Maggie developed the STAND program when she was in graduate school in Buffalo, New York. You can read the story about that here and review some of the research results here.

STAND stands for Supporting Teens’ Autonomy Daily. It is a way of conducting weekly therapy with parents and teens who struggle with attention, motivation, or organization. Adolescents who have difficulties in these areas are at risk for underperforming at school and having strained relationships with family members.

STAND involves the parent and the teen. A lot of parents say they want help to create the right structure at home for the teen, maintain a consistent routine, and help the adolescent find their own motivation to do their best.

Some parents feel like they help and remind too much and it gets in the way of the teen’s independence. Other parents feel it is too stressful to keep track of the teen’s homework or chores because they have no control over what the teen does anyway. STAND tries to help with both of these dilemmas.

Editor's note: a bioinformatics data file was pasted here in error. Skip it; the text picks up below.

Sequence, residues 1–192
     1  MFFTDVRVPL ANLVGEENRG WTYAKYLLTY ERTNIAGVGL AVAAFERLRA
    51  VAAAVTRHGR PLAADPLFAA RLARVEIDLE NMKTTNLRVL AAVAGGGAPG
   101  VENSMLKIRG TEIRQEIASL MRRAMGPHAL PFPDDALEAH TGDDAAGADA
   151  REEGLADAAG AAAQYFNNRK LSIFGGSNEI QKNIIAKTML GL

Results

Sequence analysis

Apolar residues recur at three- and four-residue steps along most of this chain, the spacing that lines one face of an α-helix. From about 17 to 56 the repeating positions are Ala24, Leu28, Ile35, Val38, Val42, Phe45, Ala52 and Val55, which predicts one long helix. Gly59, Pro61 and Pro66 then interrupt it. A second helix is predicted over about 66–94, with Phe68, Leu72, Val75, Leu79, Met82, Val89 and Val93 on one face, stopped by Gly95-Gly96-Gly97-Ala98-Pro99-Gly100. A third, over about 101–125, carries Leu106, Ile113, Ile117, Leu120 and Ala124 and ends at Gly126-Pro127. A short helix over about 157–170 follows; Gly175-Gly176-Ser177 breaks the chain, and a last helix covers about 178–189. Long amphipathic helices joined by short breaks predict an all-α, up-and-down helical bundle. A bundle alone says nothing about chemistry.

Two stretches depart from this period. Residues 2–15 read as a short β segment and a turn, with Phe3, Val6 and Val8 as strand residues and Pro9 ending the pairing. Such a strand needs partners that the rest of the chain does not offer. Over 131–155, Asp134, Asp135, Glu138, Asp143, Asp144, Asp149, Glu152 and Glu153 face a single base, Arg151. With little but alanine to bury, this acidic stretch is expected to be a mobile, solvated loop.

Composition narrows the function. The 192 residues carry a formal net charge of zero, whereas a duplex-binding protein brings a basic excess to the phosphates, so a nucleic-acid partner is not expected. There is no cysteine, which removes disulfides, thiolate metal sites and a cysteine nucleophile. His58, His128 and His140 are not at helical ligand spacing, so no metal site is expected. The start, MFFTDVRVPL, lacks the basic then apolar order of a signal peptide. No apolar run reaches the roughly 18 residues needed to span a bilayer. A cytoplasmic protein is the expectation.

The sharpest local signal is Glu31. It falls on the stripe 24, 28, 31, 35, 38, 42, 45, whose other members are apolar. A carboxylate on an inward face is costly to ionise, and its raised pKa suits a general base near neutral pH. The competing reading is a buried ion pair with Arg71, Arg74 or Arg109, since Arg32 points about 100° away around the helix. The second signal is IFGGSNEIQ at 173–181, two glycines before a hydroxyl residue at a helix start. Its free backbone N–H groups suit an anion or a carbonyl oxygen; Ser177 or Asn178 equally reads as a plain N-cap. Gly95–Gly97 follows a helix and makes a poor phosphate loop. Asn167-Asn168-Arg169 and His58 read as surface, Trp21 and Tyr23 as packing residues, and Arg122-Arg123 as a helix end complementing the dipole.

Therapists do two main things in STAND. They share skills with the parent and teen that have helped past families feel more in balance. They also use a technique called Motivational Interviewing to help parents and teens figure out what is important to them and what kind of family member they want to be. You can read about Motivational Interviewing here.

STAND emphasizes the importance of being realistic. Parents often work late. Teens have after school activities. Technology is distracting for teens but necessary for daily life. STAND is all about helping families figure out the best case scenario. It’s about helping teens become more independent and responsible and parents feel less stressed, more in control, and balanced as a parent.

To learn more about STAND you can check out the book and watch some training videos that show real life examples of work with a family. You can contact Maggie directly for in-person training opportunities.